Finally, not all of our reviews have sidebars or garner follow-up reviews because of logistics. We don't want to tie up products for many months or even years in order to offer multiple takes. Additionally, the shipping of large products can be costly and increase the chance of damage. However, you will see us try to do more of this -- as we are able to work with manufacturers to address the details I mention above....Marc Mickelson
May 11, 2000
I am a little confused about the answer to question 2 above. OK, so you try to provide an explanation as to how a product sounds. You guys do that very well, and that is one of the reasons why I love the pub (the other two biggies are the frequency of updates and the sheer number of reviews). But can't a reviewer "call a spade a spade," so to speak? For example, a speaker can be described as slow, boomy, with a chesty midrange and harsh highs. Can't a reviewer EVER state that he would not buy/use/recommend this product instead of sugar-coating everything?
Listen, I am the first to admit that my love is another's junk and vice versa, so there is something out there for everyone. But I would love to see you guys grow some balls (not meant disrespectfully) and call out a crappy product when warranted without fear of backlash from the manufacturer! There is one mag, and one reviewer that I read that do share the good with the bad. The mag is the Abso!ute Sound (see review of the Gershman monitors, or even the heralded Thiel flagship speaker), and the reviewer is Richard Hardesty from Widescreen Review. Mr. Hardesty has the biggest balls of anyone in the industry! Is he opinionated? Sure. Is he the best overall? Probably not. But I respect the fact that he is willing to stick his neck in the guillotine and stare at the blade. Can't SoundStage! get a little "edgy," and not so "every product has a place in the industry" polite?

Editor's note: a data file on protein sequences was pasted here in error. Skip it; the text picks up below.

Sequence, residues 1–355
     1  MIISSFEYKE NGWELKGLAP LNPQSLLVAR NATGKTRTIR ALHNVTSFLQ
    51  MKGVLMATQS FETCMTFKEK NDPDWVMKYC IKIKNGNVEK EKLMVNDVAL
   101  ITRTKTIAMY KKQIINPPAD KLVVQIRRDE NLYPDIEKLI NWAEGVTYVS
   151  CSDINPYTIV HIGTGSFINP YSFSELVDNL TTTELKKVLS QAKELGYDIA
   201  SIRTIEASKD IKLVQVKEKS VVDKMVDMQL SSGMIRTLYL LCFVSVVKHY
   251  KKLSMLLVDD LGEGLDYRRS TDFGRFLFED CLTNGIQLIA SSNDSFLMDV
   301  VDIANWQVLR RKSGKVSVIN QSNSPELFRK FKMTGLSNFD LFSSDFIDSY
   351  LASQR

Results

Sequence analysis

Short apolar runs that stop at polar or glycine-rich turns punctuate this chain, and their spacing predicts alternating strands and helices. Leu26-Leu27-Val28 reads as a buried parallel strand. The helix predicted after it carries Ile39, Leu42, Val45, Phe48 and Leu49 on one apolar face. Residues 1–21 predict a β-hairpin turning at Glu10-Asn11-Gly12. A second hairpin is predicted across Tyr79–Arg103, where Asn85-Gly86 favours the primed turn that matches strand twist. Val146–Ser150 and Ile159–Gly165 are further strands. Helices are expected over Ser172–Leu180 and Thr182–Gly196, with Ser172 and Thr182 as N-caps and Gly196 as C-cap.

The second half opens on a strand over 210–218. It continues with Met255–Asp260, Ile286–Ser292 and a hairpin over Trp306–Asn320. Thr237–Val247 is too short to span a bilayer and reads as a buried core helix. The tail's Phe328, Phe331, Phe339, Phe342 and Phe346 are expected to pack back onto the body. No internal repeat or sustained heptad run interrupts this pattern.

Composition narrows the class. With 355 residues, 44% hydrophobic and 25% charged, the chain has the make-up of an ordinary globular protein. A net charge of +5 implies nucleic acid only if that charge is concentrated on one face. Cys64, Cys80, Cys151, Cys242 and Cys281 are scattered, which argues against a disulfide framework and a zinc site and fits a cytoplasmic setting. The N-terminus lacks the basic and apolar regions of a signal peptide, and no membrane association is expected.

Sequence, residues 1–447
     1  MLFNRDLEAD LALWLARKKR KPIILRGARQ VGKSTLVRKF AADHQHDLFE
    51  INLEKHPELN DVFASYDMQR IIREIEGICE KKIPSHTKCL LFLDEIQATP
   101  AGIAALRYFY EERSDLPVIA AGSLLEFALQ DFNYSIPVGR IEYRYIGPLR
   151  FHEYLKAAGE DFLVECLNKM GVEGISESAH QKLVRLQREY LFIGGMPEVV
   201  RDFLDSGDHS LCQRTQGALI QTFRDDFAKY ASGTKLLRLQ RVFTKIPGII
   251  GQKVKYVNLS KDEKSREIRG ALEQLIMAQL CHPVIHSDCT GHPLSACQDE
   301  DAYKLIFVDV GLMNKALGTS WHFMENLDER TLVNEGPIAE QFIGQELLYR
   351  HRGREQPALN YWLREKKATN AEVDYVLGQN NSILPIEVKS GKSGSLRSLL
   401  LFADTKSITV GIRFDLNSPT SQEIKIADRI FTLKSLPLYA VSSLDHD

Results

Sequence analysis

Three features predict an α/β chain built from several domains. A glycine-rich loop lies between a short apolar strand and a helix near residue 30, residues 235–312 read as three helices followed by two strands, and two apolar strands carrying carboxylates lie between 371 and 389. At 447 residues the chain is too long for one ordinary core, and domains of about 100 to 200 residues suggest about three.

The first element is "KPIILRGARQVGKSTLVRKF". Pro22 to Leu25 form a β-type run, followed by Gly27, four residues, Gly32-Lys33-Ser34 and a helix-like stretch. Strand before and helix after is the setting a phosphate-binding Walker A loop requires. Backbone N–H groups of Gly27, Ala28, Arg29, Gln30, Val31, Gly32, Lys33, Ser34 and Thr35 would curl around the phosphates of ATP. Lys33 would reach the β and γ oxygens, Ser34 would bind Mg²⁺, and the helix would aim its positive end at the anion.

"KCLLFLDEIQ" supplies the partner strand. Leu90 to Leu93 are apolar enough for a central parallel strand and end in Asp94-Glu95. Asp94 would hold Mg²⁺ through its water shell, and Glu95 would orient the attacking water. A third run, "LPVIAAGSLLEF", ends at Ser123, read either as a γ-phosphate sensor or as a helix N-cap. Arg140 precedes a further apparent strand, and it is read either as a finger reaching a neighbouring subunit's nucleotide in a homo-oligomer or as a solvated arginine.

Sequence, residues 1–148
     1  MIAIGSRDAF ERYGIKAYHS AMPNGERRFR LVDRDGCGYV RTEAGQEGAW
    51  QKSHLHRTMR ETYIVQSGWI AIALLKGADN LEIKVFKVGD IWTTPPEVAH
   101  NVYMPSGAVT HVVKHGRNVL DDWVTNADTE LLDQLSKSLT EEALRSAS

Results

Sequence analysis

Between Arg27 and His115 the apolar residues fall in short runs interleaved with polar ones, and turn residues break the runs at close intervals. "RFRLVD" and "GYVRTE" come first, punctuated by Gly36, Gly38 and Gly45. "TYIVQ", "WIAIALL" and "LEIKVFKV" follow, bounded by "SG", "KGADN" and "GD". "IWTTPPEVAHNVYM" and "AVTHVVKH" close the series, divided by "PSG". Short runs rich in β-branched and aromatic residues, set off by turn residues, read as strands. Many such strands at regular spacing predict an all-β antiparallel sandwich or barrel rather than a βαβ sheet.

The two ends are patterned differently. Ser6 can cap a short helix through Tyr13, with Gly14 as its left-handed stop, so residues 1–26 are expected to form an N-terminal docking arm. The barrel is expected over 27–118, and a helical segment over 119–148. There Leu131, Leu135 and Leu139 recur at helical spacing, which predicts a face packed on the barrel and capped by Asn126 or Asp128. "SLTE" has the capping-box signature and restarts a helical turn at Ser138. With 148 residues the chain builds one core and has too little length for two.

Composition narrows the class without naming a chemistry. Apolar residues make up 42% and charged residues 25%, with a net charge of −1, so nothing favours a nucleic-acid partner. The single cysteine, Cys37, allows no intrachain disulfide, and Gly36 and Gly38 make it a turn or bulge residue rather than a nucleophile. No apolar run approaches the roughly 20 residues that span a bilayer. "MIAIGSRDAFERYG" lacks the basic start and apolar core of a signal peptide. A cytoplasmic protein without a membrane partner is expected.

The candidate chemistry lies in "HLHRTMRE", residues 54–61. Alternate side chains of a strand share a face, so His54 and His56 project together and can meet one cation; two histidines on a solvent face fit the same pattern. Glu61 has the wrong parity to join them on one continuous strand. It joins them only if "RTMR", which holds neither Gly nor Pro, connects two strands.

Again, I love you and your mag, so I don't mean to sound unhappy, and I am not a layout/content expert, but I know my sentiments are shared by many other SS! readers.
Let me clear something up: When we review an absolute clunker, which is very rare (believe it or not), you'll know about it. We have published reviews that bring to light one or more qualties that are not consonant with musical reproduction -- along with other qualities that are of some merit and perhaps others that are truly stellar. Such is a piece of audio equipment -- more complex than simply good or bad can convey.
What we want to do is give YOU the information you need to decide whether something is worth your time and effort to hear, and the only way to do this with savvy audiophiles is to act as journalists and convey the facts, especially the sound produced. Thus, the decision of relative quality is yours to make. Some other magazines go the other route, letting their reviewers act as judge and jury. This is a fundamental difference and frankly holds no interest for me as a reader because I know how often a reviewer's preferences don't mesh with mine, let alone the hearing of a person who always believes he is right.
I can also tell you, after having heard the Thiel CS7.2s at length, that the TAS reviewer was wrong about them. But in the end, here we are discussing THE REVIEW, which is a shame when the spotlight should be on THE PRODUCT.
I can make up my own mind -- as long as I get a clear and accurate appraisal of the subject at hand -- and I suspect you can too. Ultimately, I'm interested in equipment as a means to an end (music), not an end itself....Marc Mickelson